Air traffic controller - Streams Processing meetup
Air Traffic Controller
Using Samza to manage communications with members
By: Cameron Lee and Shubhanshu Nagar
How ATC Solves it
What problem are we trying to solve?
In the past, LinkedIn provided a poor communications experience to some of
Too much email, low quality email, fired on multiple channels at once
Our goal was to build a system which could apply some common
functionality across many different communication types and use cases in
order to improve the member experience.
Handle thousands of communications per second
Good understanding of state of members on the site in near-real-time
How does ATC think about
a delightful member experience?
Useful to member
Shouldn’t have seen it before
Kafka: publish-subscribe messaging system
Used to send input to ATC to trigger communications
Many actions and signals in the LinkedIn ecosystem are tracked in kafka events. We can
consume these signals to better understand the state of the ecosystem.
Databus: change capture system for databases
Produces an event whenever an entry in a database changes
By default, whenever a Samza app is deployed, the task instances can be
moved to any host in the cluster, regardless of where the instances were
If there was any state saved (e.g. RocksDB), then the new instances would
have to rebuild that state off of the changelog. This bootstrapping can take
some time depending on the amount of data to reload. Task instances
can’t process new input until bootstrapping is complete.
We have some use cases which can’t be delayed for the amount of time it
Host affinity (continued)
Host affinity is a Samza feature which allows us to deploy task instances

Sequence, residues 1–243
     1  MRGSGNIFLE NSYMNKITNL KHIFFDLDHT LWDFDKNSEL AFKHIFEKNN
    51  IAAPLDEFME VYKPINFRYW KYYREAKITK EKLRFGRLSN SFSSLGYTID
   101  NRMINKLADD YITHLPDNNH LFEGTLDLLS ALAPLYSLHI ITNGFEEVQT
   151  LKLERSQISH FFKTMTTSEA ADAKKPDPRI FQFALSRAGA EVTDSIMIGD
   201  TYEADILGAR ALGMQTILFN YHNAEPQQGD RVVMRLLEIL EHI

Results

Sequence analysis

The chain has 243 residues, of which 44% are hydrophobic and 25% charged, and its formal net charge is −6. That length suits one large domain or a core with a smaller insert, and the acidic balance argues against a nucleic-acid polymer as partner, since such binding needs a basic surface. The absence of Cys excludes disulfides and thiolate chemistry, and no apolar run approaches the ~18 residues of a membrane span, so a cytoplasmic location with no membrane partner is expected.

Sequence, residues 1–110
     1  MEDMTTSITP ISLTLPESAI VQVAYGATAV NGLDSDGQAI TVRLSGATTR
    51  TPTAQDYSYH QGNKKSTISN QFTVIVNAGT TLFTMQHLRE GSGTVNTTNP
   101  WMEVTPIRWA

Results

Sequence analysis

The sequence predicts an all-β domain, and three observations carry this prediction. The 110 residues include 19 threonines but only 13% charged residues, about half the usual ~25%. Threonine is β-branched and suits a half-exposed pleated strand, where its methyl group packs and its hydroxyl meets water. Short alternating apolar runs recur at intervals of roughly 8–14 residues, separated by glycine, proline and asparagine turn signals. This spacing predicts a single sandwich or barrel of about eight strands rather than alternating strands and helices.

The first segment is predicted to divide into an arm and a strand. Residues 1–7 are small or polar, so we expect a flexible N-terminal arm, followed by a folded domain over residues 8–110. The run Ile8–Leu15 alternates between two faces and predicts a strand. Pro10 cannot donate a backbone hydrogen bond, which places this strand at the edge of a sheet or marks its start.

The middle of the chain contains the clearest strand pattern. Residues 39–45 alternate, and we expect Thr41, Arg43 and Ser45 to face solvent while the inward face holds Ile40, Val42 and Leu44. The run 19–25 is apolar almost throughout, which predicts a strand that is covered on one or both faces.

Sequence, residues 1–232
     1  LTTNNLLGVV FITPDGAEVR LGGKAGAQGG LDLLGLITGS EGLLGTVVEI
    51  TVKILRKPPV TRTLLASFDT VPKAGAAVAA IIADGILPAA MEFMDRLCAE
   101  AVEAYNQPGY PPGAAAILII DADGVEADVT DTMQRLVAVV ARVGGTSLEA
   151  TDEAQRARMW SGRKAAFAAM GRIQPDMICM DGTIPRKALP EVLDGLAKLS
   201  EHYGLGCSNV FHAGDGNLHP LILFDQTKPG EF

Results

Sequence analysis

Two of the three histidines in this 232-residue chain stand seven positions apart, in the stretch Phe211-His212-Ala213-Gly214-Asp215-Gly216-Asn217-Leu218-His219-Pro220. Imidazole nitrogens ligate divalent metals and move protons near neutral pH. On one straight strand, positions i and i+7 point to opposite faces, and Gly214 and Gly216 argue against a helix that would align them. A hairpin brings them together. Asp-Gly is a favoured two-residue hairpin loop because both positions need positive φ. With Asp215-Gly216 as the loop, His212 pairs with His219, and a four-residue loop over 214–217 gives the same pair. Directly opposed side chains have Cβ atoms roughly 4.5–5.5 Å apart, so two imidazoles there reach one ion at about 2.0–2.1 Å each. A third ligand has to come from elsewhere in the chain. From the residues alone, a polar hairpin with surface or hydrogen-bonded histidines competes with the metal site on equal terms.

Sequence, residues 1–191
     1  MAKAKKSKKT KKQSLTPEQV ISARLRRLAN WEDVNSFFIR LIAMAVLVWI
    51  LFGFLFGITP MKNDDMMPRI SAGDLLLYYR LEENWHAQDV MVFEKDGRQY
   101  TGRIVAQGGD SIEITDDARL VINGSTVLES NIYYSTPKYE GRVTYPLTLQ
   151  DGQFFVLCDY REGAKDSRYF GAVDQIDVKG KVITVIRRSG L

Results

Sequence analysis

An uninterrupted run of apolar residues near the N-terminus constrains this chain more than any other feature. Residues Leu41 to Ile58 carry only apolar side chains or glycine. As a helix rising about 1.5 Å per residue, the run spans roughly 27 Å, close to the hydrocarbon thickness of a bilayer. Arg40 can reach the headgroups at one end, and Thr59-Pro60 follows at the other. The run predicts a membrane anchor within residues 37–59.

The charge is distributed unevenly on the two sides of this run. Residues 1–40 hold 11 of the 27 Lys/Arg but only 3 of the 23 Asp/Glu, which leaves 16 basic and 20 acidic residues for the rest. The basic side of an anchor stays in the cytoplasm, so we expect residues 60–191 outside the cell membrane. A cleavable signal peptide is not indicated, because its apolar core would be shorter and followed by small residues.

back to the same hosts from the previous deployment, so state does not
need to be reloaded.
In case of failures for individual instances, Samza can fallback to moving the
instance elsewhere and bootstrapping off of the changelog.
Samza does not currently support replicating persistent application state
(e.g. RocksDB) across multiple clusters which are running the same app.
We need ATC to run in multiple datacenters for redundancy.
We need to have state in each datacenter so that if we have to move
processing between datacenters, then we can continue to properly handle
We rely on the input streams to replicate the main input so that we can do
processing and build up state in all datacenters.
The side effects (trigger the actual email send) then will only get emitted by
one of the datacenters. We can dynamically choose where side effects are
When we deploy changes to ATC, we can deploy to a single datacenter at a
time in order to test new versions on only a fraction of traffic.
In some cases, we shift all side effects out of a datacenter to do an upgrade.
Since we still process all input, we can validate almost all of our
functionality and ensure performance doesn’t take an unexpected hit.
In some cases, we need to migrate our system to use a new instance of a
For example, when support was added to use RocksDB TTL, we needed to migrate some of
Since we only needed the last X days of data, we could use the following
strategy for the migration:
Write to both the old and new store for X days, but continue to read from the old store.
After X days, read from the new store, but continue writing both stores so we could fall back
Personalization through relevance
We work closely with a relevance team in order to make better decisions
about the communications we send out.
e.g. channel selection, delivery time, aggregation thresholds
Every day, scores for different decisions are computed offline (Hadoop) by the
relevance team. Those scores are pushed to ATC through Kafka, and then
ATC stores the scores in RocksDB.
Scores are generated for each member, so we can personalize the
Some data is not available on a Kafka stream in a pragmatic way
We make REST requests to fetch that data
Done at the beginning of pipeline
Make remote calls and decorate event
Process decorated event
Remote calls - Efficiently
Framework to write asynchronous code in Java
ParSeq uses a thread pool for making remote calls
Rest of processing happens serially
Checkpointing handled by application
Some messages require real-time latency
Tuned Kafka’s batching configuration to achieve sub-second of pre-ATC
Can be tuned even more aggressively!
ATC/Samza processes most events in 2-3 ms
No remote calls for these messages